HP's webOS is coming late to the tablet party but nonetheless it is coming and not with one, but two tablets codenamed Topaz and Opal.
Engadget reported that HP is due to launch a 9-inch tablet under the moniker Topaz and a 7-inch tablet called Opal at the upcoming company event on Feb. 9 at San Francisco. HP had released a teaser in its invite for the event requesting the delegates to Think Big, Think Small, Think Beyond.
The report cited that the tablets will be powered by a 1.2 GHz processor. Opal's WiFi only, AT&T 3G and Verizon LTE are due to arrive by September. The arrival seems a tad bit late especially since the webOS tablets will be slugging it out with iPad 2. Also Motorola's Xoom and PlayBook will be in the field soon.
Other specs that have surfaced include a front-facing camera, three speakers, micro USB port and button-free form.
The launch will primarily pitch webOS against Apple's iOS, Google's Android, Windows 7 and RIM's QNX. It's more of a platform war rather than device. However, the coming of webOS has raised questions as to whether there is room for another OS. ZDNet's Steven J. Vaughan-Nichols, in fact, broaches on the line as to whether another Linux-based OS will, indeed, be appealing to developers and users. He states that both Android and Nokia and Intel's brainchild MeeGo are based on Linux.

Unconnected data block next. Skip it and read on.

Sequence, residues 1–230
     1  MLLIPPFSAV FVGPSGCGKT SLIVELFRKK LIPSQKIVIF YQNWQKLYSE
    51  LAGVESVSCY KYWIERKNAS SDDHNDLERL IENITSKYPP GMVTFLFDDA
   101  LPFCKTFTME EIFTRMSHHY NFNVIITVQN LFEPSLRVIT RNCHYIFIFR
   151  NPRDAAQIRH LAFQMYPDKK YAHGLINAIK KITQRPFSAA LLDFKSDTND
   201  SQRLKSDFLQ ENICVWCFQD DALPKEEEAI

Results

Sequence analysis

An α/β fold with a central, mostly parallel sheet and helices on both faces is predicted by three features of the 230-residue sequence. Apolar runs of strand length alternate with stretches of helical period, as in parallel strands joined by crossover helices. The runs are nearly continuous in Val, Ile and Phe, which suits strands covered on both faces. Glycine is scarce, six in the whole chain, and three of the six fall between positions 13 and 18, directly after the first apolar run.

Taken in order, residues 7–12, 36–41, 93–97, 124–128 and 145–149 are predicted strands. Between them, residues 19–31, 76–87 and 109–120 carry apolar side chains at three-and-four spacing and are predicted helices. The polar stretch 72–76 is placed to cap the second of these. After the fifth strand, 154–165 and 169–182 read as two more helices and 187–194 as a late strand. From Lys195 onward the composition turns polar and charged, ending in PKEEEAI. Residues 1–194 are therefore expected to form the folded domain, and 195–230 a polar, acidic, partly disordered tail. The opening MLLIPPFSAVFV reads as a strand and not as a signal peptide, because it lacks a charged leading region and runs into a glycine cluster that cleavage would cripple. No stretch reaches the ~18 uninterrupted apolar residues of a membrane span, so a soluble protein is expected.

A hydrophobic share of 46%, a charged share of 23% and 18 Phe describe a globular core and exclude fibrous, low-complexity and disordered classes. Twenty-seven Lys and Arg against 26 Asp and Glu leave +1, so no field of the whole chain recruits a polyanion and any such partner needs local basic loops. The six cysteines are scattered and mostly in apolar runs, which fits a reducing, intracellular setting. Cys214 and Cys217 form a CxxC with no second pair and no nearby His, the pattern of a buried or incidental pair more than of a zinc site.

As cornering a large part of the mindshare is the key to success in the current market, HP may also be trying to woo developers since it launched its webOS 2.0 beta in September 2010. Android and iOS already have a host of developers writing apps for their tablets, thus webOS can actually compete with BlackBerry maker RIM's QNX-based PlayBook as its OS is a new entrant in the market.
The CES 2011 has seen more than 100 tablets launched and thus HP has a lot to contend with. Also in the balance is Microsoft's stake. Suppose, the webOS tablets gain mileage, then HP may shift focus away from developing Windows 7-based tablets like HP Slate 500 and the possible loss of HP as a major partner in its tablet plans can severely hurt Microsoft.